- U.S. Budget Deficit Totals $107.1 Billion in August. I want to emphasize here that there is simply no
easysolution to this mess and no politician or Harvard Phd economist can change the laws of mathematics and nature. Von Mises had it right when he wrote:
“There is no means of avoiding the final collapse of a boom brought about by credit expansion. The alternative is only whether the crisis should come sooner as a result of a voluntary abandonment of further credit expansion [don’t hold your breath!], or later as a final and total catastrophe of the currency system involved.”
- China and the SDR. China is the second largest economy in the world, but until now, has not been fully included with the G-20. This year China is the president of the G-20 and the recent Leaders Summit was held there. Last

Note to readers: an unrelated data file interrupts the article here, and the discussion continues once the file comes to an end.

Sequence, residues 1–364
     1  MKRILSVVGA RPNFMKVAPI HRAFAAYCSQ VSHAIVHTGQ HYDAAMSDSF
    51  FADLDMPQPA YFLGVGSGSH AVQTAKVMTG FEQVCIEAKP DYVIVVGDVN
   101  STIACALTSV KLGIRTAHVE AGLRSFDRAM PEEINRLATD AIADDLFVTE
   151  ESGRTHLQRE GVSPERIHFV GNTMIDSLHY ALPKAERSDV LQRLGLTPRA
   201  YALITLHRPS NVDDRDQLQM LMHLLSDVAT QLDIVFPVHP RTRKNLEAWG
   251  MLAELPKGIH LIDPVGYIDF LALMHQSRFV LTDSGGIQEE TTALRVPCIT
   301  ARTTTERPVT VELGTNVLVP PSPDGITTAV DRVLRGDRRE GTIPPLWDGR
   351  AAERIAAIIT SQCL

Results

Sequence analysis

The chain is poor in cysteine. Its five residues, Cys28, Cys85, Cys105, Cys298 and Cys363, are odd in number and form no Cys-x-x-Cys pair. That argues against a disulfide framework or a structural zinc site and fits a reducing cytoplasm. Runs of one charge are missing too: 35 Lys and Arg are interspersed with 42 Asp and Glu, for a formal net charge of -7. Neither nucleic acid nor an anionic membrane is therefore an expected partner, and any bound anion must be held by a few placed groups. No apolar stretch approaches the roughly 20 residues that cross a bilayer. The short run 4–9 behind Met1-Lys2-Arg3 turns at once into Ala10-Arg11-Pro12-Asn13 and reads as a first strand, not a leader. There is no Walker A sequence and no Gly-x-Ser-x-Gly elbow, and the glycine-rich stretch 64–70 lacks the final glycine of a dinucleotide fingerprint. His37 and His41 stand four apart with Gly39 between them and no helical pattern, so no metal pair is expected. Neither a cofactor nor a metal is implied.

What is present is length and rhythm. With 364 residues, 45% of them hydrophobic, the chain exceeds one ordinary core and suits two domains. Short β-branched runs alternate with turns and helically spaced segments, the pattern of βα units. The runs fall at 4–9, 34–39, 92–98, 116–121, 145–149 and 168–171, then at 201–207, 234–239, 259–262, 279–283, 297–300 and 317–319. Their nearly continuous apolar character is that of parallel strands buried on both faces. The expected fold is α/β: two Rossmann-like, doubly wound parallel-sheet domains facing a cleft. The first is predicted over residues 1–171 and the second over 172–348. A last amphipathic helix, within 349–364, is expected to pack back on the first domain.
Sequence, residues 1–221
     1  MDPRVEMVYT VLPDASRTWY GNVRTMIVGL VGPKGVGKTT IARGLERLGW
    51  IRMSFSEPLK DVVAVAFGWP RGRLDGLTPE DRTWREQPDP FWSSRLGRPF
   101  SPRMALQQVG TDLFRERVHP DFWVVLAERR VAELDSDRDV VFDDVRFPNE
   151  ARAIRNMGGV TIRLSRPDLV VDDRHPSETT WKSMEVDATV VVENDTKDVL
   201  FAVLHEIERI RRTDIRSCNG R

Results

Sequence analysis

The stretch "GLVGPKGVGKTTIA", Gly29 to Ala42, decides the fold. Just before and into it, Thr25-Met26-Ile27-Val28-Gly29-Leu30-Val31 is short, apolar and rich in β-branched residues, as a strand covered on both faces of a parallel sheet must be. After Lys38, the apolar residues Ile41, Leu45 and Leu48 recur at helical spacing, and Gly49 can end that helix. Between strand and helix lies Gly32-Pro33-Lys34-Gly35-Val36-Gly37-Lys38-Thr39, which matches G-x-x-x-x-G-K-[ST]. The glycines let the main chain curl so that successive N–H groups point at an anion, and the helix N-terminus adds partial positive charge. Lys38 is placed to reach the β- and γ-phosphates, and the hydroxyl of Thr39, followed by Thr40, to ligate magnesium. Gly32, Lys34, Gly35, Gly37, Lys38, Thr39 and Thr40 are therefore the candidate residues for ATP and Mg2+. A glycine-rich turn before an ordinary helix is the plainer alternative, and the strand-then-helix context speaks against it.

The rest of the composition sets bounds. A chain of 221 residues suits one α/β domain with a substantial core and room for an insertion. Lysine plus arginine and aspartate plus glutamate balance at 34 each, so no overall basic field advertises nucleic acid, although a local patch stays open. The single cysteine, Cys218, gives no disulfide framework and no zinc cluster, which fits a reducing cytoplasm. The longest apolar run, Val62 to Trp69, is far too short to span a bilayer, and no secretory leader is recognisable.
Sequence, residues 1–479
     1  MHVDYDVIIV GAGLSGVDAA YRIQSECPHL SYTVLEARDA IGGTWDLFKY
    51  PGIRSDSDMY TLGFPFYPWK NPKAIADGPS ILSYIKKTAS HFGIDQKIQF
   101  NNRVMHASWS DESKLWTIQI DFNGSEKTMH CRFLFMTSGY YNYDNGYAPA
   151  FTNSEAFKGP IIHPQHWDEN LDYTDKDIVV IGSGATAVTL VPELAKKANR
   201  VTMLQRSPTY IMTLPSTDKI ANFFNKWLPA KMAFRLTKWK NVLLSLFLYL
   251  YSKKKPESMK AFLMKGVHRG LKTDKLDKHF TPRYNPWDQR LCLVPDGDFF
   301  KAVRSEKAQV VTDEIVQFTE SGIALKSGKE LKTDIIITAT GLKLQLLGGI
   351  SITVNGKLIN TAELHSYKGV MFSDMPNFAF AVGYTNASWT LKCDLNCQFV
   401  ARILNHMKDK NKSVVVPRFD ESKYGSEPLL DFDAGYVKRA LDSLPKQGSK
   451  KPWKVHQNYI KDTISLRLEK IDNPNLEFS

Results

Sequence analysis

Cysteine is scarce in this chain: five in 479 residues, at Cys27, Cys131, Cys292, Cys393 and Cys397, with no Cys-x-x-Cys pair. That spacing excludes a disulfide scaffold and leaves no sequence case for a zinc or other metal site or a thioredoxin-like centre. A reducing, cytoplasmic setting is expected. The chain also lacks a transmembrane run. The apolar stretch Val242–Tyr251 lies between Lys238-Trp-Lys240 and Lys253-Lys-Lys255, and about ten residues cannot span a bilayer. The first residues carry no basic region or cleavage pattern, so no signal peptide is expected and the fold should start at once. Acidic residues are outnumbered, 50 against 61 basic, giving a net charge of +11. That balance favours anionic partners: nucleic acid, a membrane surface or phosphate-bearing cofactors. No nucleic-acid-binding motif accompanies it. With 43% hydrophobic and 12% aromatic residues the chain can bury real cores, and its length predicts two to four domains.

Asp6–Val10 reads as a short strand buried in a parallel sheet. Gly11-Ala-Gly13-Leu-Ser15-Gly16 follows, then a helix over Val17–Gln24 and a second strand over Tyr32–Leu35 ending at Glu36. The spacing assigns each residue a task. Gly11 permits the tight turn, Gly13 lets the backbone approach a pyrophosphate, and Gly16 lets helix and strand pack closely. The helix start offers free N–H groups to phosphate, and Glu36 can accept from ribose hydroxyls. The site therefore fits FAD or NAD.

November the IMF made an important decision to include the Chinese yuan in the SDR valuation formula, which takes effect on 1 October. Many analysts foresee the SDR replacing the dollar as the primary pricing mechanism for global trade and as the vehicle for providing liquidity when the next financial crisis hits. Regarding Chinese gold holdings, in 2015 they announced their gold reserves had increased by 604 tonnes, rising to 1,658 tonnes. Since then, China has updated its gold reserve position monthly. These figures are deceptive, however, because China keeps several thousand tonnes of gold “off the books” in a separate entity called the State Administration for Foreign Exchange (SAFE). China will reveal their true holdings at a time that suits their strategic objectives, and when they do the price will likely soar. Until then, we can safely assume that their actual holdings are multiples higher than actually reported. The time to gain exposure is prior to any such announcement.